- Seattle took the top spot in WalletHub's 2019 ranking of the best cities for STEM professionals, based on a comparison of the 100 largest U.S. metro areas.
- Seattle was followed by Boston, Pittsburgh, Austin, TX and San Francisco. The worst-ranked cities were Little Rock, AR (96); Memphis, TN (97); Jackson, MS (98); North Port, FL (99) and Cape Coral, FL (100).
- WalletHub compared the markets across three key dimensions: professional opportunities (such as STEM employment growth and median wage for STEM workers), "STEM-friendliness" (such as quality of engineering schools and R&D spending), and quality of life (such as housing affordability and family-friendliness).
As cities work to position themselves as tech hubs, the competition to attract STEM talent is growing. According to a 2017 report from the U.S. Bureau of Labor Statistics, there were nearly 8.6 million STEM jobs in 2015 (making up about 6.2% of U.S. employment) with 70% of the largest STEM occupations related to computers.
It's to little surprise cities like Seattle and Boston topped the list, considering they are homes to some of the biggest technology corporations and research institutions in the country. However, the ranking does present some startling results. New York — which is often listed as a top talent market and has long positioned itself as a leading tech hub, especially following its recent win of the Amazon HQ2 bid — came it at No. 60, a low rank behind cities such as Ogden, UT and Des Moines, IA. Los Angeles and Washington, DC also ranked poorly in comparison to their major-city peers, coming in at Nos. 30 and 31, respectively.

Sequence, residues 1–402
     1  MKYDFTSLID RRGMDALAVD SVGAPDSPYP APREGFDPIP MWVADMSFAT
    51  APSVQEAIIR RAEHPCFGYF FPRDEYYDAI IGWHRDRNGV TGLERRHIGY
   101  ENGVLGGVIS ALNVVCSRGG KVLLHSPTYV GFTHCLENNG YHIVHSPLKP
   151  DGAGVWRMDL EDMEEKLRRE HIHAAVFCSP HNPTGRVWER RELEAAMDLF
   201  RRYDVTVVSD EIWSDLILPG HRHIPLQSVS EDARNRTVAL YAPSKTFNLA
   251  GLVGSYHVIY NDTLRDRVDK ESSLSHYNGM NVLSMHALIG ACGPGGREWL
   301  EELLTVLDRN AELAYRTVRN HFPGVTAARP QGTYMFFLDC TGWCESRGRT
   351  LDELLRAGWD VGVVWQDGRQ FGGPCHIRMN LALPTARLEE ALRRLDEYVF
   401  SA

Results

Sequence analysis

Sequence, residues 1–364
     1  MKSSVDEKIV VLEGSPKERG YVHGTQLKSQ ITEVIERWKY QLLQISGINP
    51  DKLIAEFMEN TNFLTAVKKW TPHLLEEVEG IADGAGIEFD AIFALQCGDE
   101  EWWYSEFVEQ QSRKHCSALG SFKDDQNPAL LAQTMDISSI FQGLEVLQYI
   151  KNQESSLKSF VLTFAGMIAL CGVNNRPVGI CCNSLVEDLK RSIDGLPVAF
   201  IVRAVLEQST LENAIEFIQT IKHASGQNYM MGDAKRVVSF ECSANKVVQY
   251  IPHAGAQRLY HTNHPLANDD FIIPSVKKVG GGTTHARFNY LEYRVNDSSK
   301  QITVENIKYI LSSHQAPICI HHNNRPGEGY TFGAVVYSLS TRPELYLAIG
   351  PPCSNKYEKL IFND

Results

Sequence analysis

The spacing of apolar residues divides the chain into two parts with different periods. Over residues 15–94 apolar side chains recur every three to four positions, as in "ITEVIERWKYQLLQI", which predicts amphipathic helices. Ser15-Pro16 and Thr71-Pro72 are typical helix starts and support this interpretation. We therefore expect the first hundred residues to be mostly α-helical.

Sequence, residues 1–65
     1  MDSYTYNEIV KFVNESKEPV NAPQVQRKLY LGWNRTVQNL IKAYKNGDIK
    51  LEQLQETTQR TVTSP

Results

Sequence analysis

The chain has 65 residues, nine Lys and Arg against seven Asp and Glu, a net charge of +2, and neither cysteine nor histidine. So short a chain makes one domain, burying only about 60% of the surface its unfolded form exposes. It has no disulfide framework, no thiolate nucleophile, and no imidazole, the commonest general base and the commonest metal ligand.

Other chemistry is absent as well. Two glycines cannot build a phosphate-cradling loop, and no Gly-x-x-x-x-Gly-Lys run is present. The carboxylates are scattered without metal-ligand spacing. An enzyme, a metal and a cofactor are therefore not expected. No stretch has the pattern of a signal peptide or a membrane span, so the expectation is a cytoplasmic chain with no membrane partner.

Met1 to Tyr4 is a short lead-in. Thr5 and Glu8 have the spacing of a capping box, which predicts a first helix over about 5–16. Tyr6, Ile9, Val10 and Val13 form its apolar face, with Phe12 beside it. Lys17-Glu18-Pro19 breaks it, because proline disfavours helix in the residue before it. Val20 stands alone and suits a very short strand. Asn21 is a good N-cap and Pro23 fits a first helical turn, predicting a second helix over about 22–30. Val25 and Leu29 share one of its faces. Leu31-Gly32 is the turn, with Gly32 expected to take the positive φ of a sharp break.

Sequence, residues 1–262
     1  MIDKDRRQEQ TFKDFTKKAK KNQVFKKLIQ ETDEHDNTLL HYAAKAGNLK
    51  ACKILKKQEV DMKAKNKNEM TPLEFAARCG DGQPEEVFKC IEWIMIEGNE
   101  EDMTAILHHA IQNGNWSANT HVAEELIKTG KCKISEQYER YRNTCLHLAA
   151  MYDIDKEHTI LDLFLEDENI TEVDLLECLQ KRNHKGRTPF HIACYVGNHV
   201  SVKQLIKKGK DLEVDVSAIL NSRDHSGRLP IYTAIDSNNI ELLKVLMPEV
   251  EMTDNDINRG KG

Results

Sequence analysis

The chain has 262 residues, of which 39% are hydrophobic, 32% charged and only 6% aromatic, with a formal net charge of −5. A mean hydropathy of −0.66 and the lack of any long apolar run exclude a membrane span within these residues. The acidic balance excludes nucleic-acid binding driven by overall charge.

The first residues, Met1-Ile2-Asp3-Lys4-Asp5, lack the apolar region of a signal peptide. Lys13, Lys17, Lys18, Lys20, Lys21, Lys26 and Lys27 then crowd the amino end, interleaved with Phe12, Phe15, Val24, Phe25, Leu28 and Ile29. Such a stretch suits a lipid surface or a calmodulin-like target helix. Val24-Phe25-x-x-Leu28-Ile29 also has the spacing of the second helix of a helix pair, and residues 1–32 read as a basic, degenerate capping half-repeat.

When asked how local authorities can make their cities more appealing to STEM professionals, Martin Storksdieck, director of the Center for Research on Lifelong STEM Learning, told WalletHub, "Cities that generate highly skilled STEM professionals are also hubs for STEM employment and STEM-oriented companies ... Local authorities can work with local employers and local community colleges to craft tailored programs that supply the local STEM labor market with high quality professionals."
While it is critical for cities to attract and invest in technology talent, science, engineering and math — can be equally as lucrative. Investing in STEM education, encouraging STEM meetups and offering community programs that enhance interest in and understanding of STEM fields are all ways cities can rise in these rankings.